Love your souvenirs – I bet the horse meat tin was a bit of a talking point.
Great pieces! Love the artwork! We have just left Hong Kong and there are so many pieces I wanted to get before we left, thankfully our friends got us a gorgeous pic of the HK skyline which hangs on the wall in our new home in China. Things like this make for great memories.
Lovely blog and glad to meet you via Seychelles Mama. Cheers, Nicole
You have quite possibly the classiest set of souvenirs I have ever seen!
I am totally in love with the delicious turquoise salt box.
i adore souvenirs but i dont have them on show my OCD won’t let me, mine are packed into a box in the loft 🙁
Great display of souvenirs but you forgot your best french souvenir, your husband!!
Loved this Phoebe such a great post!! I love the souvenirs you have from the various places you have lived. These are things you’d never find from being on holiday somewhere these are true real life objects and they are beautiful!! All the more special as they have true memories for you I love it!! If we ever leave Seychelles there will be things we take from here that while not bought as souvenirs will become them! Things we live with that are part of our lives, our memories!!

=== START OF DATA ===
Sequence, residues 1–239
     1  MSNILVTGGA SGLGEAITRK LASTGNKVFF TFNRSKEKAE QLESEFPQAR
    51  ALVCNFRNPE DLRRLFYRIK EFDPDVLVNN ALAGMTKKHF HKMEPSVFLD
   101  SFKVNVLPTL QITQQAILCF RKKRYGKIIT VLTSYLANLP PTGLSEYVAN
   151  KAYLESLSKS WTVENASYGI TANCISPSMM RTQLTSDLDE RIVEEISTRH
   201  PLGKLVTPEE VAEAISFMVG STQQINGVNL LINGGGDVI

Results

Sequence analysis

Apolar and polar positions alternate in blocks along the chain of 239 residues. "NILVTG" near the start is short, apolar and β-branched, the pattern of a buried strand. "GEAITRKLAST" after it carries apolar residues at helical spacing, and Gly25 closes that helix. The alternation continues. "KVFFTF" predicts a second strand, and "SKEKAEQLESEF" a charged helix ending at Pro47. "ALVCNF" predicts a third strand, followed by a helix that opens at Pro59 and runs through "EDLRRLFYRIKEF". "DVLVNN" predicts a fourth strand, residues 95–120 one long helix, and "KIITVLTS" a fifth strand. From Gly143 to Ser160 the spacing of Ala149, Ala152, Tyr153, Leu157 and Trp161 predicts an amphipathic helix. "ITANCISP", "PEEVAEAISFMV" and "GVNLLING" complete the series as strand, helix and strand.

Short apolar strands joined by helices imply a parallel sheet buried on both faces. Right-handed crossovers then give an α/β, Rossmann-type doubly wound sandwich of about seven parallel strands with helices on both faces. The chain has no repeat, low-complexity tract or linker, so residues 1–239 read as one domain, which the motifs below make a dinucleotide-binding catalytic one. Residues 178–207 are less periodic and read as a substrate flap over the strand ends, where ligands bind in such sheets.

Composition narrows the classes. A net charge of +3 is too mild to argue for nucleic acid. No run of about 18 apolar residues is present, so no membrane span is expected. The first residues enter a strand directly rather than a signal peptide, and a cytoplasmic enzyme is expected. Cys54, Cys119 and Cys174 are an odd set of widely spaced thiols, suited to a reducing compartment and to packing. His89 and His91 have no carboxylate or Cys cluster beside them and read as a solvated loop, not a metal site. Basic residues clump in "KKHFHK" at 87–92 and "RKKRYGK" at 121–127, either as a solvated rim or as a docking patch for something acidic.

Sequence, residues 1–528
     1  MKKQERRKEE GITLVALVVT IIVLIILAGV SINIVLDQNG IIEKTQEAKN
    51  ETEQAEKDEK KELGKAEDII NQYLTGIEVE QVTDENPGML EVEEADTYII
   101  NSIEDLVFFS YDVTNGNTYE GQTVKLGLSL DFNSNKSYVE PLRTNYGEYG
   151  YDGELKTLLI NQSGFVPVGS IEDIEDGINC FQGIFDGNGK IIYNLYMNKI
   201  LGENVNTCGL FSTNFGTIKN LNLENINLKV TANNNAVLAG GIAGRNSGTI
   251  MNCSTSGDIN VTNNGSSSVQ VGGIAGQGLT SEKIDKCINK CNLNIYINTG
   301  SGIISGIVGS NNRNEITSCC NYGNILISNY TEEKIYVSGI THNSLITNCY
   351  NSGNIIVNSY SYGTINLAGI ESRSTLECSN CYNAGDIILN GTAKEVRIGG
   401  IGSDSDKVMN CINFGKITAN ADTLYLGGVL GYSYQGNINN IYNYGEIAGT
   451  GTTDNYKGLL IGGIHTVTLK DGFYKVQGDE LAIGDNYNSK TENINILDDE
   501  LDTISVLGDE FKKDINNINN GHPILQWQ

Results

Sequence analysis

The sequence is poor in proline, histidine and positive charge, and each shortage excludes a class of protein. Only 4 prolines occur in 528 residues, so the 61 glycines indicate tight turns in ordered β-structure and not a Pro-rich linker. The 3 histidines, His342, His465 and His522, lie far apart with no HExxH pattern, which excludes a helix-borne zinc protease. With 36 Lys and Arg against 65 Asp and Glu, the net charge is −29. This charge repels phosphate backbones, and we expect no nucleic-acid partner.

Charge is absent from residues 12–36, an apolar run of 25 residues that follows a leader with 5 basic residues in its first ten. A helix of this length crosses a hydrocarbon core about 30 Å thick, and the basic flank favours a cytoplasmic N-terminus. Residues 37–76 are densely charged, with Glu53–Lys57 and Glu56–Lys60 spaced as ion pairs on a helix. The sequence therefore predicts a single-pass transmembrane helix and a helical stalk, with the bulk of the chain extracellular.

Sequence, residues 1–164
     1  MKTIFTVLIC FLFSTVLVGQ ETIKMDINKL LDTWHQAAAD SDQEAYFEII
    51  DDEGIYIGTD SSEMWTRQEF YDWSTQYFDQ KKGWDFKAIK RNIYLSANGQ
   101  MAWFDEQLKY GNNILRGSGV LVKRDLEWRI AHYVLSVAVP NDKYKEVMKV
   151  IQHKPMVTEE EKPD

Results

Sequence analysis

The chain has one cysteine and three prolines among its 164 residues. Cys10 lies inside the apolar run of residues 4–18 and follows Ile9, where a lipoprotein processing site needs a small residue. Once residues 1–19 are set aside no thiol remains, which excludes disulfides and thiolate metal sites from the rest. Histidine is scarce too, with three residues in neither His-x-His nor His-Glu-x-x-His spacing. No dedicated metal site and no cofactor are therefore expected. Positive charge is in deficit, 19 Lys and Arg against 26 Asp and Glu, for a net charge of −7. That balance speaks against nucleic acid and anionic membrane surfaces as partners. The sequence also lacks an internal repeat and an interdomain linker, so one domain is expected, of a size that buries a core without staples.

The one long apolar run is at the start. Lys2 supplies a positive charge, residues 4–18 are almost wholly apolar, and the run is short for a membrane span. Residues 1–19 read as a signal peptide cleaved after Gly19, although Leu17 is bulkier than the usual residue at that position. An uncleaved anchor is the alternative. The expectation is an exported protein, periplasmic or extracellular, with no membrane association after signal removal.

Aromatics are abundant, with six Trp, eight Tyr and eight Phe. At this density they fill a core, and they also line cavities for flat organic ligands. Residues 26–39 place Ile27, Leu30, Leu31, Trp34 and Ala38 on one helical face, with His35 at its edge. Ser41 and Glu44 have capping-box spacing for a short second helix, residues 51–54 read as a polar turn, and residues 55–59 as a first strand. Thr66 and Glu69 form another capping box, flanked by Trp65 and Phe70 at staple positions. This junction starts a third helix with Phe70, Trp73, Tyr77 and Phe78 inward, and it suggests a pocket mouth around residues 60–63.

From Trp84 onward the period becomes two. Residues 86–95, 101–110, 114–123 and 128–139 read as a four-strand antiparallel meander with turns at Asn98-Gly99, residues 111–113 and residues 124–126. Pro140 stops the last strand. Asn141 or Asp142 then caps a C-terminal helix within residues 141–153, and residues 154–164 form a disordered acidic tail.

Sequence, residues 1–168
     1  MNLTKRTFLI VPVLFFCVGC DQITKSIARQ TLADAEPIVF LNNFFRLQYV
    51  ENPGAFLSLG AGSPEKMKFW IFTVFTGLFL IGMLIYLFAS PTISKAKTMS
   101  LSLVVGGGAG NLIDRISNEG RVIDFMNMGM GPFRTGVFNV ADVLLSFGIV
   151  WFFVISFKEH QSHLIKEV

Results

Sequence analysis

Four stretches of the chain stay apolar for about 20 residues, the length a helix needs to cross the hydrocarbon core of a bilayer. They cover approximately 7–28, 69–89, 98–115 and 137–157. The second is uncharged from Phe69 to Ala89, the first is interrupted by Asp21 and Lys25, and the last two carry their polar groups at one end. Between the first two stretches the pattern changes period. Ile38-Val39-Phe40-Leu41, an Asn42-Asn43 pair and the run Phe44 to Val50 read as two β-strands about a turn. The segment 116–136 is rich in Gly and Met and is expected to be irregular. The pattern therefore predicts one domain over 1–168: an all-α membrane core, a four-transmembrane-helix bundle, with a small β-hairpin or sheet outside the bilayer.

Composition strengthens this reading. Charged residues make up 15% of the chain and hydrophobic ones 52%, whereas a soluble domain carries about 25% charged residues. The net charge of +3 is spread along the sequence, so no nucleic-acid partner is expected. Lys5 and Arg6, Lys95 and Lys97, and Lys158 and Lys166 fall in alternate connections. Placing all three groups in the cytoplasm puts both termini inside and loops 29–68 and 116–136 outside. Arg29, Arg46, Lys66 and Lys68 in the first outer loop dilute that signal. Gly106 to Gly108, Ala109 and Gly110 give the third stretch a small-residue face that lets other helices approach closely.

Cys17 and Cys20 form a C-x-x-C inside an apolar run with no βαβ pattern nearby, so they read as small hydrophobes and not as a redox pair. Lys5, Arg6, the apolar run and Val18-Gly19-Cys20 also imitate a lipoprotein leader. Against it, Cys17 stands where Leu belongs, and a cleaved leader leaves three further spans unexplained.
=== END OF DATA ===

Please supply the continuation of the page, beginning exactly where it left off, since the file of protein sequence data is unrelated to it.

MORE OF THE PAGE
I too am not such a fan of going out to ‘make memories’ !!!!!
Thanks as always for linking up with #myexpatfamily I always really enjoy your posts!! Xx
9 countries — that is amazing. I feel like it is quite a challenge to be just a 2-country person. And I realize from your post that I do not have that many “souvenirs” of the USA, although I have so many memories…
What a fantastic collection, Phoebe. An instant reminder of your experiences. I’d love to bring back more from my travels but I’ve run out of space! Enjoying your blogs and longing to get back to Lou Messugo one of these days.
I am speechless! AMAZING. It’s like an exotic auction house! You have some wonderful souvenirs that as you say, helps keep the memories alive. We keep souvenirs too. My kids collect souvenirs whenever we go anywhere new and even back to the same places (we visit my parents in the USA and my husbands parents in Spain). I suppose I love photos too to keep the memories alive, especially of the kids to see how they grow and change. What a wonderful post 🙂 #ExpatLifeLinky